- Domestic Discretionary: This is everyone’s favorite place for savings, basically because everything else—defense, entitlements, taxes, interest—is off-limits, and because it contains everything Americans hate: welfare, research on snail darters, and, well, government. Unfortunately, it accounts for only 15 percent of federal spending, so even eliminating it completely wouldn’t close the deficit. Congress has already made about 70 percent of the cuts the Simpson-Bowles plan recommended to discretionary spending, so the new Simpson-Bowles framework calls for only about $26 billion in further cuts this year. How could Congress get there? One possibility is the Green Scissors plan, produced by a left-right coalition; this report pinpoints an annual average of about $70 billion in discretionary cuts, $27 billion alone from energy programs—including, in an ecumenical touch, cutting subsidies for fossil fuels, nuclear reactors, renewable energy, efficiency, and carbon sequestration. If both parties could agree to just a measly 10 percent of that, it would save $7 billion. There are plenty more special-interest goodies out there to cut—payments to states for abandoned mines, FCC spectrum giveaways, and underpriced user fees for federal services to private enterprises like flight control, food inspection, and public airwaves—to achieve the level of the remaining Simpson-Bowles cuts here.
- Mandatory/Entitlements: The right has used the global downturn and Barack Obama’s presence in the White House to get older Americans to support among older Americans for the conservative dream, as old as Social Security and Medicare, of repealing Social Security and Medicare—although largely for future seniors, of course. How exactly to manage rising entitlement costs is complicated—and contentious—but both Third Way and the Simpson-Bowles commission identified savings of roughly $56 billion per year in entitlements through (relatively) uncontroversial changes in how benefit levels are calculated, cost controls for health care, and other reforms that do little to change beneficiaries’ quality-of-life – a less-than-3 percent cut in this category.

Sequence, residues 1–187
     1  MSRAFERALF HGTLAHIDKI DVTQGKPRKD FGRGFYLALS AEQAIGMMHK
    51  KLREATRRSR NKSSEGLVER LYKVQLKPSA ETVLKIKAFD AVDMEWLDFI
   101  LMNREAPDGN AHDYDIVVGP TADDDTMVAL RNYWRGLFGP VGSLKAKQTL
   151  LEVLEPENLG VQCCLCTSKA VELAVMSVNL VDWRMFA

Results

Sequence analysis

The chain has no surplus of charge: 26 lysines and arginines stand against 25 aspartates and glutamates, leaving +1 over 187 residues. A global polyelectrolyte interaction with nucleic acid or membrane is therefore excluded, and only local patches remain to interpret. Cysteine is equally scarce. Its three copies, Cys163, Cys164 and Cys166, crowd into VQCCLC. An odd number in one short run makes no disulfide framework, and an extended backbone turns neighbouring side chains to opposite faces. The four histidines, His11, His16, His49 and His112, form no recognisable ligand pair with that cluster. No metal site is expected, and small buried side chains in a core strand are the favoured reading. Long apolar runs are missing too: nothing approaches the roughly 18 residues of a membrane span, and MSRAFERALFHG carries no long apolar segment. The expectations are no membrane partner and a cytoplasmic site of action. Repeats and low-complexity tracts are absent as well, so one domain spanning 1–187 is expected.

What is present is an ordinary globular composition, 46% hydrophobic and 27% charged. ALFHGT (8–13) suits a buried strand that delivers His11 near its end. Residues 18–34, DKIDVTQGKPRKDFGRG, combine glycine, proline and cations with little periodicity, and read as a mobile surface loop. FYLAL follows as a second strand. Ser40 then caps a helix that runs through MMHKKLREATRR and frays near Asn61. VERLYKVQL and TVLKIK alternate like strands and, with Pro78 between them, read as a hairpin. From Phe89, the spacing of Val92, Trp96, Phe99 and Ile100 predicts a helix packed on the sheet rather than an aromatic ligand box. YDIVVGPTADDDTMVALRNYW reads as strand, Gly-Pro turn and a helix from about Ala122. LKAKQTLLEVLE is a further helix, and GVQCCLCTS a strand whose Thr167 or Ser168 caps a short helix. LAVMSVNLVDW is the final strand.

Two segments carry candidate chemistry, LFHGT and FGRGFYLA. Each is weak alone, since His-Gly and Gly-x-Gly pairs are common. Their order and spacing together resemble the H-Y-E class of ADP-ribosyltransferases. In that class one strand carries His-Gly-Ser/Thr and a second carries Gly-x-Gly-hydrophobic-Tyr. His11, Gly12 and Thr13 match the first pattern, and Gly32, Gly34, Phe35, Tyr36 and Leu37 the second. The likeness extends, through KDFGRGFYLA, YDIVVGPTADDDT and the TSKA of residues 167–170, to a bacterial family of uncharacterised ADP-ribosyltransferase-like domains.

- Defense: Defense spending accounts for a little more than 20 percent of federal spending. But is every dollar necessary to national security? Many expensive weapons programs are of debatable value—Taxpayers for Common Sense, to name one of many critics, has identified $42 billion a year in potential weapons-program savings. But if you don’t want to cut war-fighting capacity, you can find at least that much in operational savings elsewhere: Ten percent of the Pentagon’s non-war budget—$53 billion—goes for health care, and there’s a chance for savings, just as with civilian healthcare. Republican Senator Tom Coburn has identified $5 billion in savings just from ending subsidies to Pentagon-run grocery stores and using civilians for some back-office functions. In fact, as Gordon Adams recently detailed in Foreign Policy, more than 40 percent of the defense budget goes to back-office overhead; half that amount would still be inefficient—that’s $120 billion in potential cuts from which to choose. We’ll discuss this more in the next post, but, clearly, there are ways to cut “defense” spending, like other government spending, without affecting the nation’s defenses.
- Tax Expenditures: A great deal of the tax code is devoted to an array of tax loopholes that exempt certain favored activities from the taxes the rest of us pay. According to the Center on Budget and Policy Priorities, tax expenditures cost about $1.1 trillion per year, with two-thirds going to the most affluent 20 percent of Americans and nearly one-quarter to the richest 1 percent. Simpson-Bowles called for eliminating all such expenditures, while Harvard economist Martin Feldstein, chair of President Reagan’s Council of Economic Advisers, has said cutting them is the best way to reduce government spending. Third Way has itemized about $43 billion in savings from targeting certain provisions. Of course, that includes going after such sacred cows as the mortgage-interest deduction, at least for million-dollar mansions and second homes. Virtually everyone agrees that provisions like that have to go—so let’s be optimistic and assume we can make a mere 1 percent dent in it. That’s $11 billion in sanity.
- Interest: Here are the bonus savings: For every dollar cut, we save about 15 cents in interest payments on the national debt. The savings above add up to $280 billion per year, so we’ll also get a $42 billion annual interest reduction:
In short, before getting into the really tough decisions or entering ideological battlegrounds, we could probably eliminate half of the remaining annual federal deficit. That’s not to suggest that we don’t have to make difficult decisions about the country’s future and government’s proper role. But we could easily make much more progress in resolving the spending-and-deficit issue now choking national politics—without reaching the more vexatious questions of touching entitlements, national defense, or the fraught subject of actually paying for what we spend.
That starts by recognizing that not everything in government need be a major ideological Rubicon. Sometimes, it’s just finding the right series of switch-flips and dial-settings.